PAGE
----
Entertainment

Why Twitter Loves “Scandal”

Scandal is riding high thanks to a wave of obsessed fans on Twitter. Other dramas may want to take heed.

Scandal’s Kerry Washington and Co-Executive Producer (and inspiration for the series) Judy Smith at a panel in L.A. Frederick M. Brown / Getty Images

Today marks the start of a rough few weeks for the gladiators among us — “gladiators” being the term used to describe hardcore fans of Shonda Rhimes’ surprise ABC hit Scandal. Tonight will be the first of three Thursdays without a new installment before it wraps the second season with seven sure-to-be-insane episodes, starting March 21.

The lack of a new episode is doubly disappointing for many of Scandal’s viewers, who will have to find something else to talk about on Twitter tonight.

If you follow the right people on Twitter, at around 10 p.m. on Thursdays you’ll likely be overwhelmed with Scandal tweets. Some are coherent, some are just exclamations or emoji with the hashtag #scandal attached. Watching the show unfold on Twitter is a visceral experience that gets more intense each week. In January, Scandal was generating about 2,200 tweets a minute, or 132,000 an episode. And because of its viral nature, Scandal’s appeal to a wider audience has only grown — an unusual feat for a drama in the current television landscape.

Using tweets to monitor television watching is about to go legit. Nielsen — the company that tracks popularity of shows — is planning to start rating television through a partnership with Twitter. The new program won’t launch until this fall, but ABC told BuzzFeed their internal numbers found that a stunning 221,747 tweets were sent during the Feb. 21 episode, “Boom Goes The Dynamite.”

It’s not a coincidence that the episode also made Scandal the number one scripted drama on Twitter last Thursday (and number two overall, after American Idol).

A quick catch-up for the uninitiated: Scandal is the story of Olivia Pope, a Washington “fixer” who runs a crisis management firm that is called upon in each episode to solve the problems of the nation’s political elite. Olivia, played by Kerry Washington, is based on actual Washington fixer Judy Smith — a woman who worked for George H.W. Bush’s administration, and later with clients like Monica Lewinsky and Michael Vick.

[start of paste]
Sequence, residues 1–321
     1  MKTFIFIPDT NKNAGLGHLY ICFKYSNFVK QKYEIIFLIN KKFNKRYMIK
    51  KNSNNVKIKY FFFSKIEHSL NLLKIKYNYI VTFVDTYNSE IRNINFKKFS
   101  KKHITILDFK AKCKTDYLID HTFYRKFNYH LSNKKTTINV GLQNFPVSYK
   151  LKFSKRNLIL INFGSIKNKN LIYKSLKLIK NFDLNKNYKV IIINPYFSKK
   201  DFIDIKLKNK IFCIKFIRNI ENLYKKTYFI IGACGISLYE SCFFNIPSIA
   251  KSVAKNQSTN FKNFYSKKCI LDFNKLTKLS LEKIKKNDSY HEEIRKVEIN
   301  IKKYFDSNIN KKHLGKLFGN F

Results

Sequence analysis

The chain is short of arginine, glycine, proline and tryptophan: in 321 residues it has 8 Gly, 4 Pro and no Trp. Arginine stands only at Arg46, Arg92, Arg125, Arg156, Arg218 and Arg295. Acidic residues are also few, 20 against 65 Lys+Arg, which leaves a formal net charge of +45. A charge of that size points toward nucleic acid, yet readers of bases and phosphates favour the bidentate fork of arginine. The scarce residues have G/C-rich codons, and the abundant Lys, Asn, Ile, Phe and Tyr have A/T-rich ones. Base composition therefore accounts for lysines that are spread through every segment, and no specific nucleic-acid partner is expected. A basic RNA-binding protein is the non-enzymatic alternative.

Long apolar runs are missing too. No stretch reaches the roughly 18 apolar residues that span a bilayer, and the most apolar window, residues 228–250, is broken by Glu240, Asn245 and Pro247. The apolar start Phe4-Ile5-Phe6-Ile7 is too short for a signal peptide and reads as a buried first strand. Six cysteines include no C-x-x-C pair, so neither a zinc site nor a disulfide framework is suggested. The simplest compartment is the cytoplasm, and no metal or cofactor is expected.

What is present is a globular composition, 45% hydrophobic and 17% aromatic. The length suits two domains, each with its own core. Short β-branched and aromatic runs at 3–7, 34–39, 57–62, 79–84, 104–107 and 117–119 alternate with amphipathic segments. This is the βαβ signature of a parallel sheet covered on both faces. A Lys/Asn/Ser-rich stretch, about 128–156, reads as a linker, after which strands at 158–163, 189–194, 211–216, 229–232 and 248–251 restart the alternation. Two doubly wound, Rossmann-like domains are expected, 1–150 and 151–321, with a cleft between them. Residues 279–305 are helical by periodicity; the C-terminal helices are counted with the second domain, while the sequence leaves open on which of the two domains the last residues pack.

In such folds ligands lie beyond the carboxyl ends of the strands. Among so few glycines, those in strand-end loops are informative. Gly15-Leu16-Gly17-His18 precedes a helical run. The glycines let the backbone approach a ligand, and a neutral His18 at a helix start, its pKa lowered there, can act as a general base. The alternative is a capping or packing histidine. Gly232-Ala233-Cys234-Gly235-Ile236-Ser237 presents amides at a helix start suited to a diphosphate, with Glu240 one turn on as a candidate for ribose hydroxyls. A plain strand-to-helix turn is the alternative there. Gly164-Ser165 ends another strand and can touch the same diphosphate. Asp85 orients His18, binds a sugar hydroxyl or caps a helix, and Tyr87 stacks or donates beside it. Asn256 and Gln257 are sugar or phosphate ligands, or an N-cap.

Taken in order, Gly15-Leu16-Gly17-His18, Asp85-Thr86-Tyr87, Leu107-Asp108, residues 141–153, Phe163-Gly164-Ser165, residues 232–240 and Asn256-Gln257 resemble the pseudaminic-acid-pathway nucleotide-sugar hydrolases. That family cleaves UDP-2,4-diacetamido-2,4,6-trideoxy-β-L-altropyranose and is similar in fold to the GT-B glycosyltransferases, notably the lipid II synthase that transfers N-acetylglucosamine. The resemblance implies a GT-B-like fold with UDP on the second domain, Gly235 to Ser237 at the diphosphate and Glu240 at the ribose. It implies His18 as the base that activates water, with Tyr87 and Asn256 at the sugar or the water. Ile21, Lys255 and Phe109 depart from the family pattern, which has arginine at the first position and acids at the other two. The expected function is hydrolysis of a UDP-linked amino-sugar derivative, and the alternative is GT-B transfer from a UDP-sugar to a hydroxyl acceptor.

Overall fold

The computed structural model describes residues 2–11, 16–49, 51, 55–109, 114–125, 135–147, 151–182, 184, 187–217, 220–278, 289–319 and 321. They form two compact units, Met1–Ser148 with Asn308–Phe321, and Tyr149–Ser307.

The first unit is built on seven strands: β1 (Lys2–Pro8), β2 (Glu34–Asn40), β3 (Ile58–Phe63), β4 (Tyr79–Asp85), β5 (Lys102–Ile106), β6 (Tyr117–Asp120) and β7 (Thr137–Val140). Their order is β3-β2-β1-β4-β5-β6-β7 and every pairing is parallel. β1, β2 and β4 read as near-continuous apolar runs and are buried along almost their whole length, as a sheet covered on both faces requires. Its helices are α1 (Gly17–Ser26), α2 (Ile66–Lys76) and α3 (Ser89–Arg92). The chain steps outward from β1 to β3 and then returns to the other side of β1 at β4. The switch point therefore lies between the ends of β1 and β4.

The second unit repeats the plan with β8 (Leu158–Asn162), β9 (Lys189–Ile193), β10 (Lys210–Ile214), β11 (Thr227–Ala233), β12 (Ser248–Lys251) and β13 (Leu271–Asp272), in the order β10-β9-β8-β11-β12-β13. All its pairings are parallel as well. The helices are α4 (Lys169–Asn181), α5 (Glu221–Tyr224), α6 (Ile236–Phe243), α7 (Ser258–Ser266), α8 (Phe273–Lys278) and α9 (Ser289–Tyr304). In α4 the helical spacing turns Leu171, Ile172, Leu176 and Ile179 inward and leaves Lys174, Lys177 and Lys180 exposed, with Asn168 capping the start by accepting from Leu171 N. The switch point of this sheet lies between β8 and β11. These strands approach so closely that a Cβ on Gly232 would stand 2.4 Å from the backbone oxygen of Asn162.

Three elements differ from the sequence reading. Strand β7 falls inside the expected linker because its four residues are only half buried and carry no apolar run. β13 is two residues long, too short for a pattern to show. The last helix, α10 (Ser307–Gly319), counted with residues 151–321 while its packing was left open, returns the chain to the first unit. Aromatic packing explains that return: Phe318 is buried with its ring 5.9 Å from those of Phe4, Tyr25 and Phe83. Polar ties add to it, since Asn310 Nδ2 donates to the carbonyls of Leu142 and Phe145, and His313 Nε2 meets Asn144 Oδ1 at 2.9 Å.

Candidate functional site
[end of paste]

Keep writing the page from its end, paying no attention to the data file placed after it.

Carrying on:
Some of the show’s plots are ripped from the headlines, often with a twist: the intern who sleeps with the president (she ends up pregnant, then is killed), the conservative hero who turns out to be gay (he comes out, proudly). But Olivia’s messy personal life is the core of the show, and that’s where things get wild. Her turn as the president’s off-and-on mistress is only the tip of the iceberg.

Nielsen notes that Scandal is the top show among African Americans, after American Idol. And it’s no secret that black people use Twitter disproportionately. Which means it’s not a surprise that Twitter would become a hotbed for talking about the first show in decades that features an African American woman as the lead.

But Scandal’s buzz and the ratings are also thanks to calculated moves by the show’s staff, who are clearly picking up on social media trends. Cast and crew tweet using #AskScandal and other plot-related hashtags while it’s on the air, and even some of the show’s promos mention Twitter.

Rhimes recently told The Hollywood Reporter, “People heard about the show from other people — Oprah Winfrey heard about it from Twitter — and that got other people watching. That really helped us.”

What’s fascinating is how Scandal’s popularity has spread beyond a core of dedicated black viewers.

Part of the show’s success is likely due to its refusal to buy into stereotypical racial dynamics. The cast is diverse, but everyone is at about the same level of crazy. And only a handful of lines have ever referred to the fact that Olivia is black and her lover, Republican President Fitzgerald Grant is white. Though when they land, they really land:

The upside to this tack is obvious: When done right, a diverse cast and a black lead can add up to a hit show. And it’s a sign to networks and advertisers that the race of the stars isn’t a barrier to picking up a wider audience. Ultimately, that could lead to better representation. (On the other hand, NBC premiered a midseason replacement in January starring black actress Meagan Good — but Deception, which feels like a combination of Revenge, Scandal, and Veronica Mars, seems to be suffering from the network’s current ratings curse.)

Since the show debuted, it’s become clear that Scandal and Twitter are a match made in heaven — and a model other dramas might want to emulate. Even tonight, while the show is on hiatus, its cast isn’t taking a break:

Correction: this story misstated the number of episodes remaining in season two.

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